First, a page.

The lockdown is soon going to be over, and we are welcoming back our wanderlust and are embracing the world once more. Coming back into the new world and our workplaces might not be the same as we left them in 2020, and it is vital to foster and encourage kindness and meaningful connection at work where we can create a safe space for everyone, especially women.
There is no denying that women are no longer taking a backseat and are demanding to be treated and respected equally to their peer males at the workplace. In recent years and with a rise of a #metoo movement, more and more information and data come up where women are fighting back and standing up for their rights. It would be wonderful to think that the concept of equality is no longer an issue; however, that is not the case.
Courtney Frazer has pointed out that benevolent sexism, which is sometimes described as “subtle” or “friendly” sexism, is often ignored. Unfortunately, it doesn’t stop there and is followed by other issues such as work-life balance, equal pay, career opportunities, just to name a few.
We are never more than one conversation away from creating an environment where one can feel safe, empowered and trusted to be a vital part of the team whose voice is heard and respected. I assume in order to achieve this happy place, we have to be actively engaged, not in talking about equal rights but actively living them.
Sometimes a small gesture like a positive comment or standing up for your coworking colleague can play a vital role in a person’s life and give them the boost and support they need. Adapting this concept and choosing to do what is right might not always be easy—but small changes made daily can significantly impact the world, which does not have to be a radical all of a sudden transformation.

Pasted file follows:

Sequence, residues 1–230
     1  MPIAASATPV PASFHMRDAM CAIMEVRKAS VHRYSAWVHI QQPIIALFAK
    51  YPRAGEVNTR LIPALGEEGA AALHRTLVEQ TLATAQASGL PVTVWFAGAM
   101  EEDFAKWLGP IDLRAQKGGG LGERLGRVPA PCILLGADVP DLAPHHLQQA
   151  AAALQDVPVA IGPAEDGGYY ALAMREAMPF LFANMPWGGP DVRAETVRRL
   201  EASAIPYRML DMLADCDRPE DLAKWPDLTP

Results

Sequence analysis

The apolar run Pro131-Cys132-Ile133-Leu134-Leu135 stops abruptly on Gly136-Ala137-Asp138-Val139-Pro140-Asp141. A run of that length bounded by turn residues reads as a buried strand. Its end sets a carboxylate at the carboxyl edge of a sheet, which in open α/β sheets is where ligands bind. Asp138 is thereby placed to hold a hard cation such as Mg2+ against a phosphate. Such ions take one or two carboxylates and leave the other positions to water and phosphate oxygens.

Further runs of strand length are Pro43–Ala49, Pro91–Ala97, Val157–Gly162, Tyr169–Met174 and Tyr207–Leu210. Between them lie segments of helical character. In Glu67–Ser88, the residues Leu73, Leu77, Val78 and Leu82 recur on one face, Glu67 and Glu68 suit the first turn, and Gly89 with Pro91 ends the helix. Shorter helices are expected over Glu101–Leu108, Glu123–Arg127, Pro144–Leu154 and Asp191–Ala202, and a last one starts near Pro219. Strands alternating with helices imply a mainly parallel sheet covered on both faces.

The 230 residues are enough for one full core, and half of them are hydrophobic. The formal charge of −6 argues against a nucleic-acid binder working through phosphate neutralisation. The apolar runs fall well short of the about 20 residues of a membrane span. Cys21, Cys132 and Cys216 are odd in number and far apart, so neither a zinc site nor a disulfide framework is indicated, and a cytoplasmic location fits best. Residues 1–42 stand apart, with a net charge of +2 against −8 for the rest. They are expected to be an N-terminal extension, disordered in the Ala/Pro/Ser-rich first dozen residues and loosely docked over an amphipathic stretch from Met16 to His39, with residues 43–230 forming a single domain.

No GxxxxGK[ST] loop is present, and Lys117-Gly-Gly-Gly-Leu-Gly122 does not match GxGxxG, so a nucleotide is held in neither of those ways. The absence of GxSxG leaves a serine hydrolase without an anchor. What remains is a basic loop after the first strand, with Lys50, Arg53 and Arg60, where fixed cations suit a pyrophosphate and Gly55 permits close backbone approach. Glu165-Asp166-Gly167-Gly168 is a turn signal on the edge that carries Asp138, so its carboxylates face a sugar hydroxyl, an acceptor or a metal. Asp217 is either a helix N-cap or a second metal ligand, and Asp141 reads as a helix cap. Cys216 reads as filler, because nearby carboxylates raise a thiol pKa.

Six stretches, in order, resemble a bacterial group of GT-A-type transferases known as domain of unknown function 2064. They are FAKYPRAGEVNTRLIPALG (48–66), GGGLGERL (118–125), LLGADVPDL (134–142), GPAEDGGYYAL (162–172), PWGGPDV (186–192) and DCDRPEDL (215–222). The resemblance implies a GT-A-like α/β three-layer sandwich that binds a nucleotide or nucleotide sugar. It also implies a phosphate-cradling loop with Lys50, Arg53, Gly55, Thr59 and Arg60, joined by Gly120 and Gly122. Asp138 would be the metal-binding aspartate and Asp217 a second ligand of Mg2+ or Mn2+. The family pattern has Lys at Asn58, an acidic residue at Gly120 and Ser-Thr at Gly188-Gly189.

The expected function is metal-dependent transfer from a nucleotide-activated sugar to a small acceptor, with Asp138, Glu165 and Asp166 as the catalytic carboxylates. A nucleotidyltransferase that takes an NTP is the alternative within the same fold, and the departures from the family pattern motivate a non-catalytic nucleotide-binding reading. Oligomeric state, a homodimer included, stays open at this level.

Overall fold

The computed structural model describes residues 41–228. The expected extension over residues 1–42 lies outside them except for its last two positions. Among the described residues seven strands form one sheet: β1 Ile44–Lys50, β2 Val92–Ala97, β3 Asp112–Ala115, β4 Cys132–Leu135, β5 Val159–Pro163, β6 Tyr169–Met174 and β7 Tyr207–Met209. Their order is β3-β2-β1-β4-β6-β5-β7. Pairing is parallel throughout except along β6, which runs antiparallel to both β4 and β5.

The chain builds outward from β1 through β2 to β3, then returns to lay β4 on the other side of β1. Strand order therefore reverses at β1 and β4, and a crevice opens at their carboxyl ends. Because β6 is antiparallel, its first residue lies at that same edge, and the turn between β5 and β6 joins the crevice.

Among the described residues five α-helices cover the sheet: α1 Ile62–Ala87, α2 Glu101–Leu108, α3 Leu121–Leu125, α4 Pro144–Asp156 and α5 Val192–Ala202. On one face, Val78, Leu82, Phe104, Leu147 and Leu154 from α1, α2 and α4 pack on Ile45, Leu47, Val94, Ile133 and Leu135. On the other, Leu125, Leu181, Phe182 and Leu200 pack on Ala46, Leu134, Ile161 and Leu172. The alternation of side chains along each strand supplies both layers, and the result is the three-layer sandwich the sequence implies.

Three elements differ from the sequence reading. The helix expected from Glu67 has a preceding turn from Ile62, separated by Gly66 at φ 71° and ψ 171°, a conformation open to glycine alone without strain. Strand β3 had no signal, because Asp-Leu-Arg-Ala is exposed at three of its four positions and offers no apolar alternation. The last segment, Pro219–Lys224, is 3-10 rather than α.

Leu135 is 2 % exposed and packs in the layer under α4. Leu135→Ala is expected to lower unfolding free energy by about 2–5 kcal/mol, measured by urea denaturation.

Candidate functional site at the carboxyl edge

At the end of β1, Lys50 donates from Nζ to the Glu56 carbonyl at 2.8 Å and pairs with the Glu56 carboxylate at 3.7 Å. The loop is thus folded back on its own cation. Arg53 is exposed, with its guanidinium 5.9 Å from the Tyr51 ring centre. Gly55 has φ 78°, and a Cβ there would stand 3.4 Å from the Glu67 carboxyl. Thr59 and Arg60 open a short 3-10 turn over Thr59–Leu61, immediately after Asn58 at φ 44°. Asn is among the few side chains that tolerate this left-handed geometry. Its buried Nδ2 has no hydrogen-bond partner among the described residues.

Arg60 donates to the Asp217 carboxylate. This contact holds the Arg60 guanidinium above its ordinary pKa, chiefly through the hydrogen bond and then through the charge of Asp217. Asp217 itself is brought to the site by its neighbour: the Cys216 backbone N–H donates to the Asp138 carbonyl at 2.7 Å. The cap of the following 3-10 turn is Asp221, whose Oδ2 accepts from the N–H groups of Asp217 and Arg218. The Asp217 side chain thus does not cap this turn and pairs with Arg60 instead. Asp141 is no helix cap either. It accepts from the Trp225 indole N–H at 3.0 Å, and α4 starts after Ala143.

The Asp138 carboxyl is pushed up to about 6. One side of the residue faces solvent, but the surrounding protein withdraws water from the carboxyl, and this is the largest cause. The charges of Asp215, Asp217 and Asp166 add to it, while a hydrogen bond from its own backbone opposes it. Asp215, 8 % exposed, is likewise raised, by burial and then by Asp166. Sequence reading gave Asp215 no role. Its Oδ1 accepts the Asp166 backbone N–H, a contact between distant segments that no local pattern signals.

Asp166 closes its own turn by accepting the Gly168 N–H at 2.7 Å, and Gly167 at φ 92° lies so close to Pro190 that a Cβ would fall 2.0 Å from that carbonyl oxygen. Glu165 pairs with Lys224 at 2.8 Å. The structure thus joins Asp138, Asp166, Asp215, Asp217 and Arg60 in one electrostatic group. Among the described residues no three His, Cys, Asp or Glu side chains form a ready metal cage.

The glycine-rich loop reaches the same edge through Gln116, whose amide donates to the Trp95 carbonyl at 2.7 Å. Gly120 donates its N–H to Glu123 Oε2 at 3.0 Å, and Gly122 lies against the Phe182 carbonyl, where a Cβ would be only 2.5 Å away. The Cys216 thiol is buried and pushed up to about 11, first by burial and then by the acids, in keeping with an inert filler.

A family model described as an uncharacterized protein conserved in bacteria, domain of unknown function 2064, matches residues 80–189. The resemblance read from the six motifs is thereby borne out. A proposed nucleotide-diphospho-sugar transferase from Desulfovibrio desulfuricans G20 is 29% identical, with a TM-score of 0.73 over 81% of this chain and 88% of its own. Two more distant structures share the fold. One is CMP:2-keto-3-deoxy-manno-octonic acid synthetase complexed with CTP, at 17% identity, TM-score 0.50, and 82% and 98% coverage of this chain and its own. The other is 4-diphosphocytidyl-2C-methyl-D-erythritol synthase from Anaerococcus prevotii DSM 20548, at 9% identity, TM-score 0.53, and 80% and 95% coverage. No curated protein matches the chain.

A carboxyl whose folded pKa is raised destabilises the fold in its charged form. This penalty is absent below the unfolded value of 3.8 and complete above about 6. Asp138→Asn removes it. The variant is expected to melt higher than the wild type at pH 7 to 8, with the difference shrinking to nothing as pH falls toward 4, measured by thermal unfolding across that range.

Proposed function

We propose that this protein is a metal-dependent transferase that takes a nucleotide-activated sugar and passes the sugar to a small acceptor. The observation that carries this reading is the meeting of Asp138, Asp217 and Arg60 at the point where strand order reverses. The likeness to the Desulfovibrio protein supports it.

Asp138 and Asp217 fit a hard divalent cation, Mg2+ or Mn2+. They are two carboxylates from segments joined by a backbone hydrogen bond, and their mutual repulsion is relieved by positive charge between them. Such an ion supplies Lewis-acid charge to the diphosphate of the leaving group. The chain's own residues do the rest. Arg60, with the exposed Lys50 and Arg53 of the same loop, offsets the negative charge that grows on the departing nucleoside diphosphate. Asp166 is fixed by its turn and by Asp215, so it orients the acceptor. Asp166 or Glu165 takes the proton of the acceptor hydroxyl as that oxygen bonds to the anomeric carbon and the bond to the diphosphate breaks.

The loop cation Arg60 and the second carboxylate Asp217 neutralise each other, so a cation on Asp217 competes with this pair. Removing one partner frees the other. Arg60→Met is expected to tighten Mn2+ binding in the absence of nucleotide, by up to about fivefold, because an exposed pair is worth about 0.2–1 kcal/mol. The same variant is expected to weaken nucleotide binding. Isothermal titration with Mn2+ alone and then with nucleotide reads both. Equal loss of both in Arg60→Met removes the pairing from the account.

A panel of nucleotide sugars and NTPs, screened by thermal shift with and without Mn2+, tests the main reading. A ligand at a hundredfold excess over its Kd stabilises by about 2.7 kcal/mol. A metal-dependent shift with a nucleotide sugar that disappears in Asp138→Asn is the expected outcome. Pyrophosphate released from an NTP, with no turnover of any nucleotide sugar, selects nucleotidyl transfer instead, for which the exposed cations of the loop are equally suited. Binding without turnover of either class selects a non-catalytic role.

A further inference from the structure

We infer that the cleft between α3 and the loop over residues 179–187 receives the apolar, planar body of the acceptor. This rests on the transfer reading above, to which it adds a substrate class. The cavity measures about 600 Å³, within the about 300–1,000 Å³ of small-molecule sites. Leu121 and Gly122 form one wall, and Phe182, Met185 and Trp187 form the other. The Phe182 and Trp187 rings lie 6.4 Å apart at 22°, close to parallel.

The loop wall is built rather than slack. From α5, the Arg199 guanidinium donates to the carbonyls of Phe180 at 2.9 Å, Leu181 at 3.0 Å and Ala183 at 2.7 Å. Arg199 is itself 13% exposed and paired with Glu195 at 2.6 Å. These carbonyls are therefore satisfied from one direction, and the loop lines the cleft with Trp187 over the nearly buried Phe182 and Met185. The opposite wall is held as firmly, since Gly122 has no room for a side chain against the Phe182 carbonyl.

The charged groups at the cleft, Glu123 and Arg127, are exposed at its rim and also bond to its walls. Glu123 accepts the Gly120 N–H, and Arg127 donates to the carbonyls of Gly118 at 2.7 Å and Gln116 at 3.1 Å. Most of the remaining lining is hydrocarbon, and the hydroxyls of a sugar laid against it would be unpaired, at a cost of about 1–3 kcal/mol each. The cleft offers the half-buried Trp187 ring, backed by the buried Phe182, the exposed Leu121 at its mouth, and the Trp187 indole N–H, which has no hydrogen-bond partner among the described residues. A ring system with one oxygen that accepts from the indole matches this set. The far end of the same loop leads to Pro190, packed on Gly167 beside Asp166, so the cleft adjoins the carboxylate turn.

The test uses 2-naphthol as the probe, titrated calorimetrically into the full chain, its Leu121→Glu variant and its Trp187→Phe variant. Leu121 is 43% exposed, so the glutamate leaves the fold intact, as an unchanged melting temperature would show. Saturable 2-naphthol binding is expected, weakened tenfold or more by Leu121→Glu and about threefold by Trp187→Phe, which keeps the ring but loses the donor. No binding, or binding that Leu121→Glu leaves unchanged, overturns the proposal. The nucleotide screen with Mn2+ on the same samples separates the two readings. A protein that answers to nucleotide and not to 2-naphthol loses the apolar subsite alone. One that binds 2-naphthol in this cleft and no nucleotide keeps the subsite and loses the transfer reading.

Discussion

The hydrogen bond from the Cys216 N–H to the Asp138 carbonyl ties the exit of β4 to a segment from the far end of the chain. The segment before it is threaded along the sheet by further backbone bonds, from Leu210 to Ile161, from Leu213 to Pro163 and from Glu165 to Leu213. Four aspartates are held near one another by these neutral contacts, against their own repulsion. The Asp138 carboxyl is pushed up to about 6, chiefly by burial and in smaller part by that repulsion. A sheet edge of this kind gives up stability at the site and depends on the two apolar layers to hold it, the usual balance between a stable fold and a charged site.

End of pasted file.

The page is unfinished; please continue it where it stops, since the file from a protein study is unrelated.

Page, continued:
Sarah Stone, the co-founder of the Female Success Network, suggests that the best way to feel empowered is to empower others, and she has successfully lived by her truths. Inspired by her philosophy, I asked some of my female friends what empowers them and what tips they would give to the other females. After few zoom chats, I came up with some conclusions that I would like to share with you.
One of the most common thing that came up was speaking openly about concerns and suspicious behaviour of other coworkers, such as “friendly” sexism. There is still a stigma around this subject. If a woman expresses her dislikes to the attention she’s receiving or mentions inappropriate behaviour, it may lead her to being ignored, neglected, forced to leave, or even blacklisted.
Unfortunately, the majority of “bosses” or people in charge are men; thus, females feel uncomfortable expressing their concerns to male coworkers in fear of not being understood and called being too sensitive or too serious for “not getting the jokes”. For this reason, having those sometimes uncomfortable conversations with men and women around you can pave the path for others to have the courage to do the same. Doing what’s right is not always easy, but equipping yourself with tools and educating on this matter can go a long way, preventing crime against women.
Secondly, is the money matter. I do not know about you, but where I come from, I was advised from a very early age to steer clear of three topics in conversations: religion, politics and money. However, now, I believe these topics are vital to discuss, especially the latter – money.